December 2002
Volume 43, Issue 13
ARVO Annual Meeting Abstract  |   December 2002
Normative Database of Nerve Fiber Layer Analysis in Children
Author Affiliations & Notes
  • JS Wallshein
    Ophthalmology SUNY Brooklyn Health Science Center Brooklyn NY
  • K Tarashansky
    Ophthalmology Suny Brooklyn Health Science Center Brooklyn NY
  • K Greenidge
    Ophthalmology Suny Brooklyn HSC/ Long Island College Hospital Brooklyn NY
  • M Musarella
    Ophthalmology Suny Brooklyn HSC/ Long Island College Hospital Brooklyn NY
  • Footnotes
    Commercial Relationships   J.S. Wallshein, None; K. Tarashansky, None; K. Greenidge, None; M. Musarella, None. Grant Identification: Support: Knights of Templar
Investigative Ophthalmology & Visual Science December 2002, Vol.43, 246. doi:
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      JS Wallshein, K Tarashansky, K Greenidge, M Musarella; Normative Database of Nerve Fiber Layer Analysis in Children . Invest. Ophthalmol. Vis. Sci. 2002;43(13):246.

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      © ARVO (1962-2015); The Authors (2016-present)

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Abstract: : Purpose: This study investigates the thickness of the retinal nerve fiber layer in a pediatric population to develop a normative database, and as an indication of otherwise undiagnosed optic nerve disease in children. Methods: The NFA/GDx was used to measure Nerve Fiber Layer (NFL) thickness. We studied 100 healthy children from 4 to 17 years of age. A comprehensive ophthalmic examination included best-corrected visual acuity of 20/20 in each eye, slit lamp biomicroscopy, dilated fundus exam and cover testing. The nerve fiber analysis was performed thereafter in an undilated state and only the right eyes were tested in order to obtained the purest data. Polarimetric data analysis was performed in two children with optic atrophy and patterns were compared with the NFL analysis in normal children. Results: The mean peripapillary NFL in the right eye measured in microns is 104 (SD=19), 93 (SD=19), 50 (SD=15), 37 (SD=11), in the superior, inferior, temporal, and nasal quadrants, respectively. Numerous other parameters were determined during the study. Figures 1-4 illustrate a NFL analysis of the right eye of healthy children. Figures 5-6 show the NFL analysis in two children with optic nerve atrophy for comparison. Conclusion: In children with normal eyes, the NFL is greatest in the superior and inferior quadrants and thinnest temporally and nasally. This gives the characteristic "double hump" pattern on the thickness curve very similar to adults. The children who had optic atrophy had a flat waveform. The NFA/GDx is a valuable tool in helping to assess a variety of optic nerve diseases in children now that a normal database has been established.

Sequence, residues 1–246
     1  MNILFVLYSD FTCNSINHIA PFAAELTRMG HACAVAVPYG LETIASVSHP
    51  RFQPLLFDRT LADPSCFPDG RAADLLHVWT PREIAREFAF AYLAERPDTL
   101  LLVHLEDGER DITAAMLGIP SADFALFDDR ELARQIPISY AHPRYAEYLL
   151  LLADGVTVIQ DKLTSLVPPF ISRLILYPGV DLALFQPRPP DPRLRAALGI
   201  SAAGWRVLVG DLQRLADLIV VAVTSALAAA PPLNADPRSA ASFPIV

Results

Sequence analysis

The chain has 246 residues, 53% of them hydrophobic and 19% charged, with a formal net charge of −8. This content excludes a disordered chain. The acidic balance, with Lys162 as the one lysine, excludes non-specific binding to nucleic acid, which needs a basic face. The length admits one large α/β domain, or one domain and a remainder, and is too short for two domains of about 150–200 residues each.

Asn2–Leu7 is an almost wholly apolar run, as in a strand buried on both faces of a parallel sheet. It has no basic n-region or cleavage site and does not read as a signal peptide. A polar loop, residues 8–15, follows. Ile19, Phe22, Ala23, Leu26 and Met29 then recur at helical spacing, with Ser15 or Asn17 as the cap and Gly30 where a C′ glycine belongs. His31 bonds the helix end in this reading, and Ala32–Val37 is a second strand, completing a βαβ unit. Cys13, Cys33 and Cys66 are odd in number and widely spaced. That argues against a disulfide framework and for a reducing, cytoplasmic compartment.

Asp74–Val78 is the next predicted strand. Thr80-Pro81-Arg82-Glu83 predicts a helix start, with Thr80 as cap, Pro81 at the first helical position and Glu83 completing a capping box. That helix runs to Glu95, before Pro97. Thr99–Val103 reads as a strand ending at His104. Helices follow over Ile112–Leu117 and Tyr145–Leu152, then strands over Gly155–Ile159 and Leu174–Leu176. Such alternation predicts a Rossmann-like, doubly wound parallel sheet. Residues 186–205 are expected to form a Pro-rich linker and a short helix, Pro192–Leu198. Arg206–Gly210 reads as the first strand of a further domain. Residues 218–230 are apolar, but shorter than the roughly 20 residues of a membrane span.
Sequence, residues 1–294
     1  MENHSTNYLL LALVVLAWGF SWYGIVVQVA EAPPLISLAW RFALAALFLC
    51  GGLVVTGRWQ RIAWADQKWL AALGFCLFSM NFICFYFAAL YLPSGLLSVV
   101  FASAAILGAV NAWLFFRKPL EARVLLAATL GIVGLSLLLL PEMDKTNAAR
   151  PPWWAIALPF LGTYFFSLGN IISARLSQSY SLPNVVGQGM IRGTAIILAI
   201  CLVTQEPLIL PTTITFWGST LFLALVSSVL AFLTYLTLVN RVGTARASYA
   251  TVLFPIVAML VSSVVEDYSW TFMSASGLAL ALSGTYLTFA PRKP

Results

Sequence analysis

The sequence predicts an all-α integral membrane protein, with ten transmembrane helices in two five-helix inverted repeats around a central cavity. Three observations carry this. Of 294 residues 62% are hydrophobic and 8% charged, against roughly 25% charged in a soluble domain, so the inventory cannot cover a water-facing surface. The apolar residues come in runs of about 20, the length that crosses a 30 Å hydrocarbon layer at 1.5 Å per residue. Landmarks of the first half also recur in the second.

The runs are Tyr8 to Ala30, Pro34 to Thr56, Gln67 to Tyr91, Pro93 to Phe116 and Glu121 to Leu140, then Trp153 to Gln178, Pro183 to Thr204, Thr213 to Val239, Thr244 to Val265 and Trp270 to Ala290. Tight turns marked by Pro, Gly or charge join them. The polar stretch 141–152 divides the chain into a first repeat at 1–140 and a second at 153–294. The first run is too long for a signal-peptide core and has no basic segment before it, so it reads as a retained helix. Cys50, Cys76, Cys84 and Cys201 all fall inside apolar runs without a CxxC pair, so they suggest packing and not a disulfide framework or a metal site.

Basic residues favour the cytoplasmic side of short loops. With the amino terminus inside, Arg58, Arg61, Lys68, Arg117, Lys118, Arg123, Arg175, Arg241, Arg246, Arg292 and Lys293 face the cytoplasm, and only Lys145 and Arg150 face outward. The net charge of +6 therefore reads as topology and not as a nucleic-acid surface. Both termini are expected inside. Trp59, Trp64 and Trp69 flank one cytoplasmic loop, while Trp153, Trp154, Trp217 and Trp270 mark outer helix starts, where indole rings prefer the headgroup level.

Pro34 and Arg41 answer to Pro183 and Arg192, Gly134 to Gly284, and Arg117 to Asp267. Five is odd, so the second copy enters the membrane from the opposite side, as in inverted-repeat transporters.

Keywords: 487 neuro-ophthalmology: optic nerve • 498 optic disc • 350 clinical (human) or epidemiologic studies: biostatistics/epidemiology methodology 

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